The University of Michigan Biological Station (UMBS) was founded in 1909.
Multi-year convergence of biometric and meteorological estimates of forest carbon storage
|Title||Multi-year convergence of biometric and meteorological estimates of forest carbon storage|
|Publication Type||Journal Article|
|Year of Publication||2008|
|Authors||Gough CM, Vogel CS, Schmid HPeter, Su H-B, Curtis PS|
|Journal||Agicultural and Forest Meteorology|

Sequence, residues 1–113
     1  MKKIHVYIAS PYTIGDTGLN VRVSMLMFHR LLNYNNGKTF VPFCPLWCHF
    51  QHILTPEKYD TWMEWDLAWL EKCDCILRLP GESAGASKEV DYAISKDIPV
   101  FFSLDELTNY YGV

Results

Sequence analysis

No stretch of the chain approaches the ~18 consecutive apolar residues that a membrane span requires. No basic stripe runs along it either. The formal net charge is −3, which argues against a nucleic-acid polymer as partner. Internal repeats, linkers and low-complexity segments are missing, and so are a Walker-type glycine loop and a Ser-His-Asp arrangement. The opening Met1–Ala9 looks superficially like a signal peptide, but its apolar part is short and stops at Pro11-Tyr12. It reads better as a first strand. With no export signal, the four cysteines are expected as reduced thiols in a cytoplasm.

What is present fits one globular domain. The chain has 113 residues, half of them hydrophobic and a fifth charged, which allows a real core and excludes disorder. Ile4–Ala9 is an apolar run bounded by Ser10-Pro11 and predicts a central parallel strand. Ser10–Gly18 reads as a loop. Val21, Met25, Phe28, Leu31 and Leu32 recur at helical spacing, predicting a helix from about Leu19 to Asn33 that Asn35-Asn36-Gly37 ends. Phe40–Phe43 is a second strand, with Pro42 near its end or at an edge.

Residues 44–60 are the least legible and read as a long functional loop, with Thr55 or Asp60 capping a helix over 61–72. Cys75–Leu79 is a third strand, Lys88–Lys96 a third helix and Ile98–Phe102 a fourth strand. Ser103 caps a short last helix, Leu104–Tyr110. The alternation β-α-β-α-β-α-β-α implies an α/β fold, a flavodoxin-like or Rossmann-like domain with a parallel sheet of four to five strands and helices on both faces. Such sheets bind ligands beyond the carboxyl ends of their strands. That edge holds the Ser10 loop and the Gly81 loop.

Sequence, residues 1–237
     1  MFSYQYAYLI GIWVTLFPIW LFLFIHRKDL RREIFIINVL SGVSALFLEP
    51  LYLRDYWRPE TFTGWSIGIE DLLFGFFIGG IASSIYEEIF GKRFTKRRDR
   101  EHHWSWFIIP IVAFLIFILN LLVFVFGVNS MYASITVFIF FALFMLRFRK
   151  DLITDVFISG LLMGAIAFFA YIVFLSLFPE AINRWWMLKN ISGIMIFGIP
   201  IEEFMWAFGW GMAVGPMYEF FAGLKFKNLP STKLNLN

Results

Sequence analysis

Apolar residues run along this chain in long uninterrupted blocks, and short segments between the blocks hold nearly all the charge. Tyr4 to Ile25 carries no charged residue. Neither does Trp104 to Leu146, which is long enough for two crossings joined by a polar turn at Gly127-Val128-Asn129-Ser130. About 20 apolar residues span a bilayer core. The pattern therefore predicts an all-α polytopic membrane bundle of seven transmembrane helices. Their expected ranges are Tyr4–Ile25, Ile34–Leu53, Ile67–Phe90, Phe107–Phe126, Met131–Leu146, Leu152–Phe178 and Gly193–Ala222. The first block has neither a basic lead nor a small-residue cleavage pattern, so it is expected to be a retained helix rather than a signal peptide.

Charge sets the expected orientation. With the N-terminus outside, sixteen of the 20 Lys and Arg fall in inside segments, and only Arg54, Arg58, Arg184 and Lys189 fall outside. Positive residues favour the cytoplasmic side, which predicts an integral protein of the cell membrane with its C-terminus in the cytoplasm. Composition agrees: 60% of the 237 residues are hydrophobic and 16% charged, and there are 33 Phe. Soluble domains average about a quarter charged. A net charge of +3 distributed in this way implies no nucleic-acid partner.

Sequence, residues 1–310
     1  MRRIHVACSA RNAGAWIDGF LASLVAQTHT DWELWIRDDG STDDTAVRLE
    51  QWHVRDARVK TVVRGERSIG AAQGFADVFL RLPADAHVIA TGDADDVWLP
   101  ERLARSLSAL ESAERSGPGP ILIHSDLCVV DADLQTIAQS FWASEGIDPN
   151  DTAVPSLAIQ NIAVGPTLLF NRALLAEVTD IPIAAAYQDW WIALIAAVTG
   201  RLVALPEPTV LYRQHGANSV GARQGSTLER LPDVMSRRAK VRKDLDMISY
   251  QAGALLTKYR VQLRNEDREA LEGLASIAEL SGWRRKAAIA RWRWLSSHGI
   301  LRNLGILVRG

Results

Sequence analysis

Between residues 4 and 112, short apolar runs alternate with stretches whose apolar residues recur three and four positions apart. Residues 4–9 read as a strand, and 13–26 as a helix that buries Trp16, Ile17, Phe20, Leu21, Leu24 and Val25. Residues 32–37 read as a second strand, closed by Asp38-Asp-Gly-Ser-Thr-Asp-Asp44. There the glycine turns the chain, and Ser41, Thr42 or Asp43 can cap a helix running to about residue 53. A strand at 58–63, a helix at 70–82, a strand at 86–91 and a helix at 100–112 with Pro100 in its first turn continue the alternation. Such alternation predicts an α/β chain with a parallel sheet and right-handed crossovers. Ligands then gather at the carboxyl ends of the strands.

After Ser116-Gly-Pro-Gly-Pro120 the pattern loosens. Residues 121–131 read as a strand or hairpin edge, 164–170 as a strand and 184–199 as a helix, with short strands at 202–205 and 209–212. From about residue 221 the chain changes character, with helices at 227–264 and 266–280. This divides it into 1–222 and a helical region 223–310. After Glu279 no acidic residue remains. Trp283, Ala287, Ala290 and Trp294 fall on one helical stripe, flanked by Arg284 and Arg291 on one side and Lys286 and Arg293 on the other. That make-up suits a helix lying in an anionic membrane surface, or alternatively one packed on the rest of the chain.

We measured annual C storage, or net ecosystem production (NEP), from 1999 to 2003 in an aspen-dominated, mixed-deciduous forest in Michigan, USA. Measurements of the annual production of above- and below-ground live and dead mass, foliar herbivory, and soil respiration were used to develop biometric estimates of NEP (NEPB). Eddy-covariance measurements made above the canopy were used to construct meteorological estimates of NEP (NEPM). Over the 5-year study period, C stored annually in live mass (above- and below-ground wood) averaged 2.13 Mg C/ha/year, while annual detritus production (fine roots, leaf litter, woody debris) averaged 4.35 Mg C /ha/year. Fine root inputs were the largest component (41%) of annual net primary production. The forest was a consistent C sink, with annual NEP ranging from 0.80 to 1.98 Mg C ha1 year1, comparable in magnitude to other eastern North American forests. When annual NEPB and NEPM were compared in a given year, they differed from each other by 13v148%. However, when compared over 5 years, these independent estimates of C storage converged to within 1% of each other. Differences between same-year biometric and meteorological NEP estimates were explained in part by a lag between late-season net canopy photosynthesis and C allocated to tree growth the following spring. Weekly assessments of bole radial growth in 2001 and 2002 indicated that woody mass growth began prior to positive net canopy photosynthesis in the spring and that >25% of annual photosynthetic C assimilation occurred after growth had stopped in the autumn. Thus, while the temporal separation between photosynthesis and growth reduced agreement between annual NEPB and NEPM estimates, these metrics converged over several years. These results suggest that the allocation of recent photosynthate to storage carbohydrates, rather than to immediate growth, may obscure the relationship between shorter term, annual biometric and meteorological C storage estimates. Moreover, the 5-year convergence of biometric and meteorological NEP estimates serves as an important cross-validation, demonstrating that both approaches can yield accurate forest C storage assessments.